We’re in for a long fight. Republicans and Trumpistas dominate Washington and a majority of state legislatures and governors’ mansions, to say nothing of school and library boards. Even if Donald Trump is impeached, look who’d be president, and who’d still be in charge of Congress.
It's bleak. On the other hand, great things are happening. People are marching, organizing, and resisting.
Now let’s start winning. Let’s march, but let’s also run for office. Show up, make phone calls, and hold our elected officials accountable, but let’s also become elected officials, and campaign workers, ourselves. The goal is simple: to reclaim power. We do so by winning elections.
Having spent many of the past 25 years working on campaigns, I get why people don’t like electoral politics. Campaigns are ugly, expensive, dumbed-down, and too long. But campaigns are the way we get power. Conservative dominance of Congress is the result of decades of organizing and winning elections at the local and state levels.
We can do it too. Here’s how to start:
Support the candidates running in upcoming special Congressional elections.
In the coming weeks, there will likely be four special Congressional elections – in Georgia, Montana, South Carolina, and Kansas - to fill seats vacated by the president’s Cabinet picks. Pay attention to these races. Despite being in heavily Republican districts, anything is possible in an environment where waves of protests are sweeping even deep-red districts nationwide. Victories in even a couple of these races are important not only for adding sane voices to Congress, but as a tool for recruiting candidates nationally for the 2018 mid-term elections. Winning begets winning.
Pressure your elected officials.
Emails are good, calls are better, showing up in person is best. Congressional town hall meetings are happening all over the country, maybe in your district. To learn more about where your representatives stand on upcoming legislation, how to contact them, and where you can engage now in the 2018 election cycle, check out sites like Countable and Swing Left.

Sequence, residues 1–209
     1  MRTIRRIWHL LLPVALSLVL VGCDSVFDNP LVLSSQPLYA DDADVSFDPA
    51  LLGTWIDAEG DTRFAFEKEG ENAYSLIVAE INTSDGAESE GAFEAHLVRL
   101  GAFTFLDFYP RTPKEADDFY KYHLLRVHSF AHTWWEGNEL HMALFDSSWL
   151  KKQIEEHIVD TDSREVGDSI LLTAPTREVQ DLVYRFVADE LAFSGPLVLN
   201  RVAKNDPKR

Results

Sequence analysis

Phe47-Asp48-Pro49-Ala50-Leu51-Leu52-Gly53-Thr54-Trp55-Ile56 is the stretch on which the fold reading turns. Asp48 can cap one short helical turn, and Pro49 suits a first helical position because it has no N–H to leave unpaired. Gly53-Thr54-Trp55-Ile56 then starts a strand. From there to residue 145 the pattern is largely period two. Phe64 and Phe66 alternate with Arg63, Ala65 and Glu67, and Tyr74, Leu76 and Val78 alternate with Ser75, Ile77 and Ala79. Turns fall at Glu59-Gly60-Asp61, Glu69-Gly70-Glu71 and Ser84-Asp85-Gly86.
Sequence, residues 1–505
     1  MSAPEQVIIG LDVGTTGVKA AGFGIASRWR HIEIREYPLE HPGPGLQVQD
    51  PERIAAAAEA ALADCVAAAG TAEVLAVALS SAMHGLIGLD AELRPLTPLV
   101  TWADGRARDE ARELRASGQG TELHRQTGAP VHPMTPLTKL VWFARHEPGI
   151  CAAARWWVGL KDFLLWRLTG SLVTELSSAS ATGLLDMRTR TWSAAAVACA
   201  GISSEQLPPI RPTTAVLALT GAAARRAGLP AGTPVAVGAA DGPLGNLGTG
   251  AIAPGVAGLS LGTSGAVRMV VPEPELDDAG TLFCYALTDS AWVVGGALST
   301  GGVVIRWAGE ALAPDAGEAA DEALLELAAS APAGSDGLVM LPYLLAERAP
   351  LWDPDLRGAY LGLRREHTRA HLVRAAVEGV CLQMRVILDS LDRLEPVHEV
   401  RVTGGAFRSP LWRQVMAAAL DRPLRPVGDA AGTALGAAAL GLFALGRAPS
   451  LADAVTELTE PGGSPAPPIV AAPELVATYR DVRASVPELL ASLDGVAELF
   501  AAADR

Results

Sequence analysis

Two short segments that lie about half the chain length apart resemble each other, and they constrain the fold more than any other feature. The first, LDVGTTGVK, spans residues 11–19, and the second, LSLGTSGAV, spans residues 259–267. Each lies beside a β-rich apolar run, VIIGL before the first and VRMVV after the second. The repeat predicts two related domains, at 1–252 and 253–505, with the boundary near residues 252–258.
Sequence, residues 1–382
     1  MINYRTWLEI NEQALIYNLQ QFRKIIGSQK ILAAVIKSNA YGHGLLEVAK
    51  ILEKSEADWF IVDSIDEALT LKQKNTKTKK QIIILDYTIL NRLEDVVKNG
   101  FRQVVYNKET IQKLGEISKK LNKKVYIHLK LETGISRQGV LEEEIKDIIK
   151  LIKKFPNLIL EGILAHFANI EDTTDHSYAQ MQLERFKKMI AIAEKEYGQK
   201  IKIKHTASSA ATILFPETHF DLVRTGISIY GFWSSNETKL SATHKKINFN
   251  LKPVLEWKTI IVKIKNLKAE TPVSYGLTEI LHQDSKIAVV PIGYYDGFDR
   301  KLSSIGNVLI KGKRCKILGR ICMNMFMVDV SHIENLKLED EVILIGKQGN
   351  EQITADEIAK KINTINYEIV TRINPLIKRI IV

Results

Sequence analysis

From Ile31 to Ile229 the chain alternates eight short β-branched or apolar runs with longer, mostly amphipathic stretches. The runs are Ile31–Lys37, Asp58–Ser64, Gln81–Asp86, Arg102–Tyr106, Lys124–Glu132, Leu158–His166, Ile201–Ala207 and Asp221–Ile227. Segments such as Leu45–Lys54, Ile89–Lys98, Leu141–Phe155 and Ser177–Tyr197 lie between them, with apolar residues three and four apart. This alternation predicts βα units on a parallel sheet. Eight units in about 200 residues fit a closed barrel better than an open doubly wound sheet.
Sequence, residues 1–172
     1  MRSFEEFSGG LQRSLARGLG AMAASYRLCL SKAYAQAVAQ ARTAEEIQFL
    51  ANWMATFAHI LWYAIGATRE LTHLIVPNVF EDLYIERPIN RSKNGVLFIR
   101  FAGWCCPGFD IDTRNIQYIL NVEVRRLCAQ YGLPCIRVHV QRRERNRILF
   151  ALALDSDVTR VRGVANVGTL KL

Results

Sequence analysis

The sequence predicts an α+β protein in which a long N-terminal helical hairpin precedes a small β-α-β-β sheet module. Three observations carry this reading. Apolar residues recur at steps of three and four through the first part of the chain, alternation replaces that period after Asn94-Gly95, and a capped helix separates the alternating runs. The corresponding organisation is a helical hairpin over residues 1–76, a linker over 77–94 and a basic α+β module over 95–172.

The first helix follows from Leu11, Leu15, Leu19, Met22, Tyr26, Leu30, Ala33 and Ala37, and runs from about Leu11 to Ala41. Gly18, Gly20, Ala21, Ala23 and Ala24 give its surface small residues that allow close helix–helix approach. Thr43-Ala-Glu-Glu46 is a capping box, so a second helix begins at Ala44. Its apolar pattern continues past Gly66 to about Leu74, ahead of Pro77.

Add “political donations” to your family budget.
Campaigns cost a lot. Small donors help win elections. Set aside some amount of money – even $10 or $20 each month – to political giving. Other people are out there doing the same. Money begets money.
Attend a training for candidates, staffers, or volunteers.
“Maybe I should run for office” and “maybe I should volunteer on a campaign” are sentences all of us should try saying out loud. If you decide to run, you’re making a big, important decision – and you could use some training to help you win. Running for office isn’t for everyone, but everyone running for office needs a smart, organized team.
Trainings – and there are a lot of them out there – offer a great way to not only learn new tools for political organizing, but they also let you try on what it feels like to be a campaign activist. Organizations like Wellstone Action offer a range of training options, from communications to digital organizing. Slate has a list here of other good options.
Support state-focused campaigns in 2018.
Yes, we have to win back seats in the Senate and House, and 2018 could be a big year. But the Senate map is brutal. The House is so gerrymandered that even if we see big gains, Democrats could be a cycle or two from taking back the House. States – governors races, legislative races, local races - should be our top priority in 2018.
We’ll never take back (or keep) the House if we don’t win governor’s races and state legislative races. Big wins at the state level in 2018 – from governors and attorneys general to state legislators – get us to the real prize: redistricting.
This is going to take a while. Reclaiming power over the next few election cycles will be a grind. It’s hard to keep up with the day’s news, much less plot out a strategy for the next few election cycles. But strategy, planning, and prioritizing are just what we need right now. We get power back when we win races. Campaigns are nasty, exhausting, expensive, and totally worth it.